1. Lead by example
From the moment babies open their eyes, their caregivers set an example for how to smile, speak, and brush teeth. Make brushing and flossing your teeth a visible good habit in your home. As your children grow, they will look forward to being able to brush their teeth and floss.
This sets the stage for positive feelings around brushing rather than it feeling like a chore.
2. Start early
Before your child has teeth, you can gently clean the gums with a soft cloth, and once that first tooth comes in, it’s time to start a regular brushing regimen. This not only helps prevent decay in those baby teeth, but it normalizes brushing so that when your child is old enough, brushing just feels like the practical thing to do.
As soon as your child’s teeth touch each other, it’s time to start flossing. This happens typically one tooth at a time, which makes it easier for your child. It only takes a second to floss two teeth that touch, and as more teeth touch each other, the time goes up slowly.
Remember to speak with your child about gum health instead of focusing on the teeth. You need healthy gums to keep healthy teeth. According to the CDC, nearly half of people in the U.S. have some gum disease, demonstrating that we need to focus on the importance of gum health.
3. Encourage healthy eating habits
Brushing and flossing are inarguably the most important things your children can do at home to keep their teeth healthy, but what they eat and drink also plays a large role. As a parent of young children, you have the unique ability to shape their eating habits positively into adulthood. Consider the following:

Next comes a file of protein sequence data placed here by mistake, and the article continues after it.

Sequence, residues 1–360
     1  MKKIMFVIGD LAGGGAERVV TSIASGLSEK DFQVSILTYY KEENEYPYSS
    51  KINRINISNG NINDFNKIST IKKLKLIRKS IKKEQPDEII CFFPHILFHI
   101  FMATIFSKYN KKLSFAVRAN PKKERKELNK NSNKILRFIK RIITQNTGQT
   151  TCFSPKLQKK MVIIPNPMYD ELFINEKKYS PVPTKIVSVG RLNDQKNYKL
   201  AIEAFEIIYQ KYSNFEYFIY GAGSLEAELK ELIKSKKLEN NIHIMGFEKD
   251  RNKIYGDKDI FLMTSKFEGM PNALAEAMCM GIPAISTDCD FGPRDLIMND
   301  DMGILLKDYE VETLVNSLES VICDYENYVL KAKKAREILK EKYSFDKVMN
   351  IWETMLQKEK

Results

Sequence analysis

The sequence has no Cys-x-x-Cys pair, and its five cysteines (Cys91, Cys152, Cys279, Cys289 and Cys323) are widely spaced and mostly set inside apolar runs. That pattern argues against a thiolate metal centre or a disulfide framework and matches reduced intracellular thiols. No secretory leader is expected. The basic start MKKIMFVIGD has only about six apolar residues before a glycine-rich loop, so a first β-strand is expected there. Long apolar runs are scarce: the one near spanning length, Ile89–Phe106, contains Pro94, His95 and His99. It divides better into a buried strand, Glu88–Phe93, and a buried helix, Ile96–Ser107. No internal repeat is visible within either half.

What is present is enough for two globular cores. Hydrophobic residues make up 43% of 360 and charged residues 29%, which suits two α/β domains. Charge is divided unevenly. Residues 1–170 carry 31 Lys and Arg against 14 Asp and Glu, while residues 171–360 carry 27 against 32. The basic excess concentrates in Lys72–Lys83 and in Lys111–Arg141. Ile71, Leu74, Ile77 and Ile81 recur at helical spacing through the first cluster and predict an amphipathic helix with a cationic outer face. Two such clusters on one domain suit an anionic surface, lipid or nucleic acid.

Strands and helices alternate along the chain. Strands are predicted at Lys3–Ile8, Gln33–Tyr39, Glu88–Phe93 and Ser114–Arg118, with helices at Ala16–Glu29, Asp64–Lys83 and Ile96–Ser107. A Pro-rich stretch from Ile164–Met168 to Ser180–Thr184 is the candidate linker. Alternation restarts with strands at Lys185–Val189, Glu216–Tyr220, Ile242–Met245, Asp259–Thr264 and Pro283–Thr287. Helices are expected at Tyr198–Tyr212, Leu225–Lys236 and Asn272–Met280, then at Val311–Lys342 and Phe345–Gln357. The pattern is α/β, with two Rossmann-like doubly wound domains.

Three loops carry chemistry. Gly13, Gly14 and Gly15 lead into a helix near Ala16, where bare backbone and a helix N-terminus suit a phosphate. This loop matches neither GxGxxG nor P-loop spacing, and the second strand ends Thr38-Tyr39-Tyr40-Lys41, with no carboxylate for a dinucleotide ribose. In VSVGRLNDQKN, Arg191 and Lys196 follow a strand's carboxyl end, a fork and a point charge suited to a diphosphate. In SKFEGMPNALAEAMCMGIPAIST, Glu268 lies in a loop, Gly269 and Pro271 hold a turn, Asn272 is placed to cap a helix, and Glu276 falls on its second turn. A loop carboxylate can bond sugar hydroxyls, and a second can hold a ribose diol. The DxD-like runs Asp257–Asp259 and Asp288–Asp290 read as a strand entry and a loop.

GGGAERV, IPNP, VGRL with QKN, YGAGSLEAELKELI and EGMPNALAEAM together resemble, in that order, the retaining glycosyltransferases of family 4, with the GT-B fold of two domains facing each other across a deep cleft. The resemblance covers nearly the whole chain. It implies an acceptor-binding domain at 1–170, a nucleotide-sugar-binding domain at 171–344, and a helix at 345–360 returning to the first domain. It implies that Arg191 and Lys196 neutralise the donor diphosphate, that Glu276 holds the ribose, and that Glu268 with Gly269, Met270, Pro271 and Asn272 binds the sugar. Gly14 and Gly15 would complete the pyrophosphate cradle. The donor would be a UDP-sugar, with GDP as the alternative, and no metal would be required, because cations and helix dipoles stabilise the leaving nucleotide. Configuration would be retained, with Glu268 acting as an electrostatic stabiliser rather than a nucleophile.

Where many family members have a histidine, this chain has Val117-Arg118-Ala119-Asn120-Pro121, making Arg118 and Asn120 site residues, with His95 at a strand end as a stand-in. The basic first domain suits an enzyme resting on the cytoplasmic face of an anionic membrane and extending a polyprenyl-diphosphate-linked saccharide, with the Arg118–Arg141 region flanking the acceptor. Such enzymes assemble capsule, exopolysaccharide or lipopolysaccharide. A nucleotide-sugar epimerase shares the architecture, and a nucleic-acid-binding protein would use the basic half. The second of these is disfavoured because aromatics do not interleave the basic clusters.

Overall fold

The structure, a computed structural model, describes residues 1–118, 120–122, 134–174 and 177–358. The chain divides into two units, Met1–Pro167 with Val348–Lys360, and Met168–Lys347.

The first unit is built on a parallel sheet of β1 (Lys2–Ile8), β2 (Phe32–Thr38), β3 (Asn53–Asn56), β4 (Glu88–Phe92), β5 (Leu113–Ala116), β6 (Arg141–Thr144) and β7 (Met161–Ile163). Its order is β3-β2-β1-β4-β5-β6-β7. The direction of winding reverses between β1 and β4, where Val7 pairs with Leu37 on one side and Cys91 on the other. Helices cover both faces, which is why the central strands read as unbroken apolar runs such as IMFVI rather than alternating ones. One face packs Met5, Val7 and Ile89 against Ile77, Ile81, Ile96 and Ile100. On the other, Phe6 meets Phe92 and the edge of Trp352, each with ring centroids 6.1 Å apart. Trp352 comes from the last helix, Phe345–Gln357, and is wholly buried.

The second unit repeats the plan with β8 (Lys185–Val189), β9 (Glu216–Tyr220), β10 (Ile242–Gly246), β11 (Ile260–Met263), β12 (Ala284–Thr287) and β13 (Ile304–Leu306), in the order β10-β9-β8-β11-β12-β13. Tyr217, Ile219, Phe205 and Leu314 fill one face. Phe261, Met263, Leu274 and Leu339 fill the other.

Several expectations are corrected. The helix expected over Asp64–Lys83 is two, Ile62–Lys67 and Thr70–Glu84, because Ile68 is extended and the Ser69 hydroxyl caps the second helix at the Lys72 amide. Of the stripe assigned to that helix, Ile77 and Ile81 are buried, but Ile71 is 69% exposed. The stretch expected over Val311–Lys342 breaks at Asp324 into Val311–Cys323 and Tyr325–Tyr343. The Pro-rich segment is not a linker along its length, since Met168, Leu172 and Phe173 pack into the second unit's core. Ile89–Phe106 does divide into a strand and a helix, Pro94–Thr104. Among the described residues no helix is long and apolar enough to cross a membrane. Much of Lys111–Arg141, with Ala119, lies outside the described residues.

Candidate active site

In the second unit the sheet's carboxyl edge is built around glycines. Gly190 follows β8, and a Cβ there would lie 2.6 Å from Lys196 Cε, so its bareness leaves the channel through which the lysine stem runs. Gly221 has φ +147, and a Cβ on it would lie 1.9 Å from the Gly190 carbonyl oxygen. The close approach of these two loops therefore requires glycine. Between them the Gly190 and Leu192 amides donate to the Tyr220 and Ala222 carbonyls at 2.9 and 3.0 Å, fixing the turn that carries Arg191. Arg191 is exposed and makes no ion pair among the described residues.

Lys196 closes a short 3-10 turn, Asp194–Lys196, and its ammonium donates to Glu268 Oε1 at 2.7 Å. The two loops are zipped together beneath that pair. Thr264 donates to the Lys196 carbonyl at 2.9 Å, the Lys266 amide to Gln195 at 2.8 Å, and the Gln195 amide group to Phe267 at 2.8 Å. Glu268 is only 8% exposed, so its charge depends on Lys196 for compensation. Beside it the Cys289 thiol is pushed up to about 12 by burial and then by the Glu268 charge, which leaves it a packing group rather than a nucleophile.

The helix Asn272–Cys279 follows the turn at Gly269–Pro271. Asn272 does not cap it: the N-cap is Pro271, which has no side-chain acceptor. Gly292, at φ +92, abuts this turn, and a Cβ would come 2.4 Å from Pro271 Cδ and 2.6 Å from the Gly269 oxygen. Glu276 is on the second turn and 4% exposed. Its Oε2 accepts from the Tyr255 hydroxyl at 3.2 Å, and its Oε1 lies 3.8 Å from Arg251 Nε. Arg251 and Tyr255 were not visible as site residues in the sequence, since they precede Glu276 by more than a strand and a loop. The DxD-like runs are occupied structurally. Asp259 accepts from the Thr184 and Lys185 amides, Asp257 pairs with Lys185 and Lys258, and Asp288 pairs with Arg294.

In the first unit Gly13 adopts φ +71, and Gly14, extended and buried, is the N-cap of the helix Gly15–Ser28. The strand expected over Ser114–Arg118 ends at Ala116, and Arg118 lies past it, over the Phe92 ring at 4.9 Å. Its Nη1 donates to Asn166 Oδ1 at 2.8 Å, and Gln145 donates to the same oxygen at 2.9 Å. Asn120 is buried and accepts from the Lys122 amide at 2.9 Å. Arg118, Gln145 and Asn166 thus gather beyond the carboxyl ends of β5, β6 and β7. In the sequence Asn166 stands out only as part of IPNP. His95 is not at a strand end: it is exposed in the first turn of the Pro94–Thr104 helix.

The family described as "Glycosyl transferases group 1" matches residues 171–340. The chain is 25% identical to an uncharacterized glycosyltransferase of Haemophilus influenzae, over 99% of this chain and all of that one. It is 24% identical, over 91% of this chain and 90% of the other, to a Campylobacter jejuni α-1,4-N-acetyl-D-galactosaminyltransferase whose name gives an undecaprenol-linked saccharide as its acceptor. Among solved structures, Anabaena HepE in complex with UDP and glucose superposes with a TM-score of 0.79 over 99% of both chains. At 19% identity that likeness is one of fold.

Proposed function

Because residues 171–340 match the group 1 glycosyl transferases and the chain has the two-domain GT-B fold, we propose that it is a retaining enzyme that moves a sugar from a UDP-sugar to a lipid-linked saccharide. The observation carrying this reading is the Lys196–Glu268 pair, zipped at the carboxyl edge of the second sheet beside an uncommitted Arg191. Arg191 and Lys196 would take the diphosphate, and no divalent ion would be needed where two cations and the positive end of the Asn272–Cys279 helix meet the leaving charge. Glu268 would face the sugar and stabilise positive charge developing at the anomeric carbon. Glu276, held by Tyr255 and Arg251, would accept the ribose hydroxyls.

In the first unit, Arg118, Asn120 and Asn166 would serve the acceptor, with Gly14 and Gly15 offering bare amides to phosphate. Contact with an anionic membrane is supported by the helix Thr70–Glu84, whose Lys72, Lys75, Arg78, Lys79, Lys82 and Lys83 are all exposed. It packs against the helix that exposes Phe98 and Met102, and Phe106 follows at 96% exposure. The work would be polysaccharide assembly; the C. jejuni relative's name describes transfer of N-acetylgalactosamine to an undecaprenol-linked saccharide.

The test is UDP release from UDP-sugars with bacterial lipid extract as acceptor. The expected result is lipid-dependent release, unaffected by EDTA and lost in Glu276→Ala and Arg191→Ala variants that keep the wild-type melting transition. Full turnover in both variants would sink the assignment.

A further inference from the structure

- Limiting juice and other sugary drinks
- Making children aware of how candy can harm teeth
- Choosing candy that doesn’t stick to teeth (e.g., taffies, caramels, and shiny candy do stick)
- Encouraging whole fruit like salmonberries, blueberries, raspberries, or strawberries instead of candy
- Encouraging your child to rinse with water after a meal if brushing is not an option
- Discouraging grazing between meals, which increases the amount of time that acid stays on the teeth
4.Get dental sealants
Dental sealants protect permanent teeth from decay during those critical years when your child learns how to clean their back teeth properly. Sealants are applied after a professional cleaning. It is a thin, clear, impenetrable lacquer painted onto the teeth.
5. Get fluoride treatments
Fluoride treatments help prevent cavities by strengthening the hard, outer shell of teeth, and they may even reverse very early cavities that have just started to develop. A thin layer of fluoride varnish is painted on your child’s teeth. It’s simple and painless.
6. Schedule regular dental checkups
Keeping you and your child’s scheduled dental appointments every six months demonstrates to your child that tooth and gum health is essential. Visits become routine, and children carry this habit into adulthood, setting them up for a lifetime of healthy teeth and gums. Children should have their first visit by the time their first tooth comes in to ensure proper growth and development.